The Penitence of Saint Jerome,
Joachim Patinir, 1512-15
I was desperate and afraid. Where was my family; where was my mom, my dad, and my brothers and sister? I feared for the worse. A tornado got them, I was certain. Like many children at the age of five or six, I had an active imagination and my dream life was filled with stories of catastrophe. Most often they included wind storms in part because we lived in Western Pennsylvania and on occasion the sky touched down near our home in Harrisville. Just a day or two before I came home to an empty house, a place of security, we took shelter in our basement. “You weren’t here so I prayed,” I told my mother when she and the others eventually returned. I’m sure I cried. While they were nearby, my family was not close and I wanted to see them.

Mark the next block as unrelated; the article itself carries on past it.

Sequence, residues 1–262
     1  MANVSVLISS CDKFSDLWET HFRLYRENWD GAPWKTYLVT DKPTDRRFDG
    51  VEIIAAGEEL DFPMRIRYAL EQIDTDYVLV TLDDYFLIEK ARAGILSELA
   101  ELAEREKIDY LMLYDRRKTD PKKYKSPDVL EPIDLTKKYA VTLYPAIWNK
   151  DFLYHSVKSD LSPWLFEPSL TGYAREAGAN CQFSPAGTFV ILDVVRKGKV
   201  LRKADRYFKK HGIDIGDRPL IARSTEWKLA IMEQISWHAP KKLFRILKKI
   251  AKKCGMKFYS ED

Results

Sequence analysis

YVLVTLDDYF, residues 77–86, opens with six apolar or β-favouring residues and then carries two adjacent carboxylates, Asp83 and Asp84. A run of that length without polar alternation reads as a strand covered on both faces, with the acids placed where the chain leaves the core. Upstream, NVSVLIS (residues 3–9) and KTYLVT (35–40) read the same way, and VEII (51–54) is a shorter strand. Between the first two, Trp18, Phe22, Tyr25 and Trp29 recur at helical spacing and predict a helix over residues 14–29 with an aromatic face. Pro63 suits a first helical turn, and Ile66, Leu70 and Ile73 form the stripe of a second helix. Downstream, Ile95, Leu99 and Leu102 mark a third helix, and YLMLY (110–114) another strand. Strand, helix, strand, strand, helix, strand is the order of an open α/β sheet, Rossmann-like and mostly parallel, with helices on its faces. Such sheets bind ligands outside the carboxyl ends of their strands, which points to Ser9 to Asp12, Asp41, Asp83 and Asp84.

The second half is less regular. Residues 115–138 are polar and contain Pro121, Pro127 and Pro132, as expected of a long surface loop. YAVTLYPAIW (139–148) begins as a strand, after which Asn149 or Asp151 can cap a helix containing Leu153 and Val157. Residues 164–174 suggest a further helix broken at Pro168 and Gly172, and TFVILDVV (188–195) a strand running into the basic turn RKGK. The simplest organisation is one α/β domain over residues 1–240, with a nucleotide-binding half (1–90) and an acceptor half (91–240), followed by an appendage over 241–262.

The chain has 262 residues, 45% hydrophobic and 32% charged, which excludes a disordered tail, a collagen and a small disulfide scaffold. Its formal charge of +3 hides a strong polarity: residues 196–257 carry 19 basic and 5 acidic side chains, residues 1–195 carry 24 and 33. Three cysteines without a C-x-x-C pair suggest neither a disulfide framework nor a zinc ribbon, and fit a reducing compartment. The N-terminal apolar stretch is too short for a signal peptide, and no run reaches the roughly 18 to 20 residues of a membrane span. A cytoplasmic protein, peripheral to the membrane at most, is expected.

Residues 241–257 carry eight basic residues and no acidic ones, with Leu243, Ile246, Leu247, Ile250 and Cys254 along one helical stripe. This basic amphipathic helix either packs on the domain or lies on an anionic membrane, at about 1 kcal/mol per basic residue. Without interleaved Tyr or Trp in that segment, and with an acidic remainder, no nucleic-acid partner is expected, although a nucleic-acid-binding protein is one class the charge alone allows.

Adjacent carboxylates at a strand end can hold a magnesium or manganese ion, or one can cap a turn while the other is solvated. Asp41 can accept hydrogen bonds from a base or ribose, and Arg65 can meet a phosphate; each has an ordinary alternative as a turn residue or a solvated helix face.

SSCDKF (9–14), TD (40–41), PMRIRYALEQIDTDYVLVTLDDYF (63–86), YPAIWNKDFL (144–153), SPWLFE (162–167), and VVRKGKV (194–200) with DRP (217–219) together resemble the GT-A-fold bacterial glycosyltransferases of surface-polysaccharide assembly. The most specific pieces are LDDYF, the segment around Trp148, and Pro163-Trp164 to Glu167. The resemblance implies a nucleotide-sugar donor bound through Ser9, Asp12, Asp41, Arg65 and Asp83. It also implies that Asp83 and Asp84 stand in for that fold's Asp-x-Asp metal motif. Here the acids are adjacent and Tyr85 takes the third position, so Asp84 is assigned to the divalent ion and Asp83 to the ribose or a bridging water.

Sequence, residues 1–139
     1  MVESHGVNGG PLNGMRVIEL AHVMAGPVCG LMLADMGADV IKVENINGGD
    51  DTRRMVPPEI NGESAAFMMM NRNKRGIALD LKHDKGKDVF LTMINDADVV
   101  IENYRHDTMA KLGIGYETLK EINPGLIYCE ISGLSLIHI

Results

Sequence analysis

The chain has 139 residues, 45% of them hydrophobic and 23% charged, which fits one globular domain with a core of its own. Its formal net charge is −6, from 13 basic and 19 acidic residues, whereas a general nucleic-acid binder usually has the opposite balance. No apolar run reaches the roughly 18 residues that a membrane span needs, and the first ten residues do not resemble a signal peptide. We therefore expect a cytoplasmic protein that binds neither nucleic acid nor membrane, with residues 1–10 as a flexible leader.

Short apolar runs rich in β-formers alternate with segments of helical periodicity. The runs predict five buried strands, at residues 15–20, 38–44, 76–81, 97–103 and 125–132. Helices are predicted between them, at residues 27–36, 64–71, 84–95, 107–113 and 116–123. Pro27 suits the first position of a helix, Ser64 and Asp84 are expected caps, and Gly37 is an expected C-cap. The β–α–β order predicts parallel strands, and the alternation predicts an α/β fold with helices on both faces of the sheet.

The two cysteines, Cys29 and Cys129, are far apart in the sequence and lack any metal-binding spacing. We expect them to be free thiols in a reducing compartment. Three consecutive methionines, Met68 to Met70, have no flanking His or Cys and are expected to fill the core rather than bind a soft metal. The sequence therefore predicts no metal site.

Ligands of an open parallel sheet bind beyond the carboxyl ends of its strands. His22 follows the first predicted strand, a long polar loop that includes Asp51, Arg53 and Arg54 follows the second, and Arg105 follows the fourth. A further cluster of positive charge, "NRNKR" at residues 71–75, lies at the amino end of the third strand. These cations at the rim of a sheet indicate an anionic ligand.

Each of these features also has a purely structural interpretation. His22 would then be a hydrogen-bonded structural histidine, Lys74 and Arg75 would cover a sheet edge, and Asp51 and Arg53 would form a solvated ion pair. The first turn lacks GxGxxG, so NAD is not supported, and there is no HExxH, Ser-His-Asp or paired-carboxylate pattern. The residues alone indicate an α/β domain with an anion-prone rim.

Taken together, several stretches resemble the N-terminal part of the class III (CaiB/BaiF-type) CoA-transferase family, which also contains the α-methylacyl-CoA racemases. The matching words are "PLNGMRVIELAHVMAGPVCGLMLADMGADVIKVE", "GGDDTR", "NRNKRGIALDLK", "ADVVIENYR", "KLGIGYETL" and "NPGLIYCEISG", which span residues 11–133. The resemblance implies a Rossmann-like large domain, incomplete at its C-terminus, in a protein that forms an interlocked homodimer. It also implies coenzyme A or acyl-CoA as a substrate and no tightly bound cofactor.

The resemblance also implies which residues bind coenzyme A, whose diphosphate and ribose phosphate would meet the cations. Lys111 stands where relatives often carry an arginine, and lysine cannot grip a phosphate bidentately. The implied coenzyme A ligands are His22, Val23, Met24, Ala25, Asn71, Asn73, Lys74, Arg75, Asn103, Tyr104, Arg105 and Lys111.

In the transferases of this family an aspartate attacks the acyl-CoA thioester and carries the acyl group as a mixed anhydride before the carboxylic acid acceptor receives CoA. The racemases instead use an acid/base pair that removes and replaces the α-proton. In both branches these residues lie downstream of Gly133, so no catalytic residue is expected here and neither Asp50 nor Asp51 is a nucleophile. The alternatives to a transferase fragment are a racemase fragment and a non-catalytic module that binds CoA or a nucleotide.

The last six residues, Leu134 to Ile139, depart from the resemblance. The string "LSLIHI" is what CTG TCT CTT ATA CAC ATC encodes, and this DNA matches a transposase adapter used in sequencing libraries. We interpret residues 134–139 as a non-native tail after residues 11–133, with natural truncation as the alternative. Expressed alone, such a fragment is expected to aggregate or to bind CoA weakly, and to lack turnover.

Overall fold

Blue is the color of “longing,” says poet Robert Hass, “because desire is full of endless distances.” In the 15th century, European painters began to use blue to create a sense of space through atmospheric perspective. This is certainly true in Pantinir’s St. Jerome, and it is why I return to it again and again on the second floor of the Metropolitan Museum of Art. While I’m drawn to this illusionistic reality, scholars refer to this work as a “world landscape” that is a composite image of diverse topographical elements. Rocky outcroppings, water, forests, and lowlands don’t exist in the Netherlands; it is a microcosm of a larger world. And so I wonder what I want from this natural world, what do I desire from a life that seems to be falling apart from around me. Like this painting, real life seems so far away. Reality for me has become so scary.
Jeffrey Morton, 04.18.2020